Scientists at the Savannah Agriculture Research Institute of the Council for Scientific and Industrial Research (CSIR-SARI) say they are making significant strides to release the first locally developed genetically modified (GM) varieties of cowpea (beans) by next year.
After a year of research, the GM cowpea seeds received the National Biosafety Authority’s (NBA’s) approval last year for environmental release.
Currently, the various varieties of the crop are undergoing release trials on fields to enable their presentation for approval from the National Variety Release and Registration Committee (NVRRC) to pave way for commercial cultivation.
A Senior Research Scientist at the Science and Technology Policy Research Institute (STEPRI) of CSIR, Dr Richard Ampadu-Ameyaw, who disclosed this, said barring unforeseen circumstances the crop would be released to farmers for cultivation by next year.
He said the research institute was keenly following the laid down regulations to ensure the quality and safety of the crop being developed for consumption.
Dr Ampadu-Ameyaw said this in an interview with the Daily Graphic on the sidelines of a workshop on biotechnology organised for farmers and various stakeholders at Nyankpala in the Northern Region.
Organised by the Open Forum on Agriculture Biotechnology (OFAB) Ghana in collaboration with CSIR and Africa Agricultural Technology Foundation (AATF), the event seeks to create awareness of biotechnology and genetically modified organisms and Ghana’s journey in the development of local GM cowpea.
When approved and commercialised, the GM cowpea is expected to help increase the production of the crop, strengthen the country’s food security and help to reduce the prices of the crop, a major staple in the country.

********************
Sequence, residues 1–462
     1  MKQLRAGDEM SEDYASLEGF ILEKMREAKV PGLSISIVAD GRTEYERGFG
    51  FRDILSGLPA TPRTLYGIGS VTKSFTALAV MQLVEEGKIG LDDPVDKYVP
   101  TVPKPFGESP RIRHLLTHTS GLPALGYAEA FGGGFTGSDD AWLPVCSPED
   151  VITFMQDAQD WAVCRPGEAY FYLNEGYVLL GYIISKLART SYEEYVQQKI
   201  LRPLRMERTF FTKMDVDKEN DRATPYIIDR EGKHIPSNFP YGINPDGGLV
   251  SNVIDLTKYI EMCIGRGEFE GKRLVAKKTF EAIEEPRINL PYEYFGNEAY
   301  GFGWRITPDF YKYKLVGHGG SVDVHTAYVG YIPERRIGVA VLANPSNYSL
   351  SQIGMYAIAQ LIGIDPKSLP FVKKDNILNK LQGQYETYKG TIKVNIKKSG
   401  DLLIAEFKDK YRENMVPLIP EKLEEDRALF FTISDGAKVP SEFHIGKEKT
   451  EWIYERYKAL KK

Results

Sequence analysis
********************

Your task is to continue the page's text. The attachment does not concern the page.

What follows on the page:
The crop, which is known as BT cowpea, has an in-built resistance to pest attacks and climate change.
It is being developed using traits from the fungus known as Bacillus therigiensis (Bt) in the cowpea crop.
Dr Ampadu-Ameyaw, who is also the Coordinator for OFAB Ghana, said the cowpea sector would receive a major boost when the crop was finally commercialised as it exhibited very high levels of resistance to the legume pod borer which was responsible for up to 80 per cent of yield losses on farmers’ cowpea fields.
“It has a lot of socio-economic benefits because with the crop, pesticides spraying will be reduced, which is good for both human health and the soil structure,” he noted.
For his part, a Research Scientist at the Biotechnology and Nuclear Agriculture Research Institute of the Ghana Atomic Energy Commission, Dr Daniel Osei Ofosu, said the GM cowpea was the surest remedy to the insect infestation and low yield being recorded by farmers using the conventional variety.
“In this 70-day cycle of the growing of cowpea, it faces a lot of challenges and one of such is insect infestation.
Every day farmers have to spray, which is a lot of work and also affects their health” he said.
The Deputy Director of the Savannah Agriculture Research Institute (SARI), Dr Issah Sugri, said agricultural biotechnology had been identified as one potent weapon to tackle the challenges facing farmers in the country, and added that biotechnology crops could make farming more profitable by increasing crops quality.
He, therefore, admonished all stakeholders, particularly farmers, to embrace the novel crop when it was finally commercialised so as to help boost cowpea production in the country.